GROWTH, SURVIVAL RATE, AND NUMBER OF MARKETABLE FISH PRODUCED OF GOLD FISH, CARASSIUS AURATUS (L.) IN OUTDOOR EARTHEN PONDS WITH ENDOGENOUS CULTURE OF DAPHNIA SP. OR MOINA SP. AND EXOGENOUS SUPPLY OF MIXED PLANKTON
The effect of different management systems on the growth and survival of gold fish in ponds was investigated. Fish larvae (0.11 ± 0.012 g) were cultured for three months. There were four treatments: fish were stocked in outdoor ponds under endogenous culture of Moina sp. (P1), Daphnia sp. (P2), exogenous supply of mixed plankton (P3) and a control treatment where a commercial pellet was applied as food (P4). Values of dissolved oxygen were highest in the P3 (p<0.05). The P4 treatment showed the highest concentrations of NH4-N, NO2-N, NO3-N, PO4-P, and bicarbonate alkalinity, which were significantly higher (p<0.05) than the other treatments. The final body weight of the gold fish ranged from 3.78 to 7.19 g in the different treatments. At harvest, maximum weight gain was achieved in the P3, followed by P2, P1 and P4 in descending order (p<0.05). There was a significant difference (p<0.05) in the survival of gold fish among the treatments, ranging from 75.77% (P4) to 97.54% (P3). The number of marketable fish was significantly higher in P3 (p<0.05) than other treatments. From the present investigation, exogenous supply of mixed plankton appeared to be a better alternative to culturing goldfish in ponds under endogenous culture of Moina sp. or Daphnia sp.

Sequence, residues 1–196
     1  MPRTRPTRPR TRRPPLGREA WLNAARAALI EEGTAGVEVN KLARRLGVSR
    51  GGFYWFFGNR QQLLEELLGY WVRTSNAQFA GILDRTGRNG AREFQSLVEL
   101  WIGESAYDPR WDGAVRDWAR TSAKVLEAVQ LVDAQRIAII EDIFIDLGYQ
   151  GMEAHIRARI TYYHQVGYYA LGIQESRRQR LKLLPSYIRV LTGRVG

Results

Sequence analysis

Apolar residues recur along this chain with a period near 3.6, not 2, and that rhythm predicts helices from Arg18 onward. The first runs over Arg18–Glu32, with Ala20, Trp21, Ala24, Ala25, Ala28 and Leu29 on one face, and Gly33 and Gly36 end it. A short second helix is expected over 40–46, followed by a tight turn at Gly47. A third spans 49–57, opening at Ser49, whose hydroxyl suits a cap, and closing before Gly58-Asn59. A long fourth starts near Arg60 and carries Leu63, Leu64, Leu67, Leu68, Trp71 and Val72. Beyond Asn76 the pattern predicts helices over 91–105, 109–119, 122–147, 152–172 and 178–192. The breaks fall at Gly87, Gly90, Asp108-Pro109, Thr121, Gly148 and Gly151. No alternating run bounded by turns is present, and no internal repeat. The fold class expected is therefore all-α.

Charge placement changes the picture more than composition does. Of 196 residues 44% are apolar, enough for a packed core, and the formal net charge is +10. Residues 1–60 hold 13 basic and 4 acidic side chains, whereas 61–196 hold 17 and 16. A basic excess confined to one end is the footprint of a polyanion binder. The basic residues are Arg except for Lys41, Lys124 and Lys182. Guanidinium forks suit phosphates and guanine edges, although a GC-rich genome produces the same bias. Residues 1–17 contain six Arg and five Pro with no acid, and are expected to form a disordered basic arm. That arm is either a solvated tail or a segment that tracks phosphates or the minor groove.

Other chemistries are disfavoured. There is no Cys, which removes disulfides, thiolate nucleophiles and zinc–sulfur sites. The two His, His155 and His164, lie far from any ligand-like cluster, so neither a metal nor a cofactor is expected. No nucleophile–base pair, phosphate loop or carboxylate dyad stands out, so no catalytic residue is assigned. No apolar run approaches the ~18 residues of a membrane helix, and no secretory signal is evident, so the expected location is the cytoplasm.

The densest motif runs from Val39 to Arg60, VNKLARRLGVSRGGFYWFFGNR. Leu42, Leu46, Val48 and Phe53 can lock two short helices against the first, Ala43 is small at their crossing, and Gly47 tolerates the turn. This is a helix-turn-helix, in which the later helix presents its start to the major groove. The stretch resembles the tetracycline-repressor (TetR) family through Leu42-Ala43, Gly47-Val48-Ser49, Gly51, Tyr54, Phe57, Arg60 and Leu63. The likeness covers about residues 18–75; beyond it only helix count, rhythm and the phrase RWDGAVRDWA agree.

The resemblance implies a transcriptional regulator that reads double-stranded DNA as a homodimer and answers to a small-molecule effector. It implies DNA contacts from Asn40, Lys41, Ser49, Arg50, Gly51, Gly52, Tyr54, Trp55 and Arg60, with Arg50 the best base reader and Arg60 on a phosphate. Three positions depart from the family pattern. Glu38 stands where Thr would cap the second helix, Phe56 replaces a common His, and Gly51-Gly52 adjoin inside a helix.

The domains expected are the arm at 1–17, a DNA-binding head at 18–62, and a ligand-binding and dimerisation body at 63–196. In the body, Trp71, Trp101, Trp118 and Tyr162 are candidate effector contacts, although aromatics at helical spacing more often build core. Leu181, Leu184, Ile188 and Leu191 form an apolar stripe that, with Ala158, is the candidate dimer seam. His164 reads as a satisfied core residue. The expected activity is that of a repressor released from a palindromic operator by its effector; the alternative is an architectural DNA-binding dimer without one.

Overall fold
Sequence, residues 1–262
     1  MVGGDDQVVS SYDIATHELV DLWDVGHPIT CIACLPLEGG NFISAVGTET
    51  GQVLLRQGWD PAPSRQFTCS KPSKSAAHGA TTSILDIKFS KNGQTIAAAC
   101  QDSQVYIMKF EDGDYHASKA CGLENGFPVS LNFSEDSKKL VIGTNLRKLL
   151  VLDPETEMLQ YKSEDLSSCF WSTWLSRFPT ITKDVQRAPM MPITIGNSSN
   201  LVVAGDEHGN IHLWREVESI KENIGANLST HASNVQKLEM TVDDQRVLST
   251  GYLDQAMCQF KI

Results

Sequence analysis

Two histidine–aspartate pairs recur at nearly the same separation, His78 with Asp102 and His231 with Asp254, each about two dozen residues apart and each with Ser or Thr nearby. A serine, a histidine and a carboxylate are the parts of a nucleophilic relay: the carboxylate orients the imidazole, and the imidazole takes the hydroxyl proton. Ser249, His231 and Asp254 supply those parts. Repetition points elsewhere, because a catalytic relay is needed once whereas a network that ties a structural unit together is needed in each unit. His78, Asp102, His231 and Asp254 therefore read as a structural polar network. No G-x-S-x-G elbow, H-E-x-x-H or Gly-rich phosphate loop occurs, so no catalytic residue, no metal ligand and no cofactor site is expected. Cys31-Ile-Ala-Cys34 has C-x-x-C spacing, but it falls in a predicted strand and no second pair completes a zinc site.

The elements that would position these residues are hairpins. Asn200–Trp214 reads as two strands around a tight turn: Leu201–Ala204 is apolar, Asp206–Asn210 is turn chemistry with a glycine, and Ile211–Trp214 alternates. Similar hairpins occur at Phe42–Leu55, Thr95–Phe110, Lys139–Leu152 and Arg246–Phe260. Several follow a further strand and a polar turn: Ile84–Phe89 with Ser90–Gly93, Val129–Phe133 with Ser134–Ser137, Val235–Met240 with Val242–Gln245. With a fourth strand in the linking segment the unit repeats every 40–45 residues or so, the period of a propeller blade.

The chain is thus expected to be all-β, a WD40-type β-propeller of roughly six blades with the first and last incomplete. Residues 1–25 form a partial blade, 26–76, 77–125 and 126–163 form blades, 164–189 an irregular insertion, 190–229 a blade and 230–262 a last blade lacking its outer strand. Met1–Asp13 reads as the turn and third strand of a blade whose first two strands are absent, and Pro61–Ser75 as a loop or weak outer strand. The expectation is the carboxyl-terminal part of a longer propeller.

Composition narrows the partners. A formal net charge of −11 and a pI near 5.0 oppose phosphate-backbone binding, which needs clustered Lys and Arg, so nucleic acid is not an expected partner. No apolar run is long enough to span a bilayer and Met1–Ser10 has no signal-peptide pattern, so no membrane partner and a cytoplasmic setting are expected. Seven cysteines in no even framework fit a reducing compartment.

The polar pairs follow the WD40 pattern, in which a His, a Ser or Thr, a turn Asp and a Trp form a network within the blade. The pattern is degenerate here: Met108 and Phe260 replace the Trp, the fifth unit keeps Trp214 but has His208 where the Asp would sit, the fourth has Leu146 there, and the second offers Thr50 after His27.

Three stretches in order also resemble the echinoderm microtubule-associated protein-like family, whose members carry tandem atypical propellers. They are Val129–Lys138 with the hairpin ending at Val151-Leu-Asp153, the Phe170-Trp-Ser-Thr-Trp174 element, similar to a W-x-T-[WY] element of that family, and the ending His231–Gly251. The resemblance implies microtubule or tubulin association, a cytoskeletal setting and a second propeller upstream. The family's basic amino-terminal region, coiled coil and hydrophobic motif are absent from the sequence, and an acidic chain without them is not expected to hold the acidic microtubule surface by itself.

Key words: gold fish, feed, plankton, growth, survival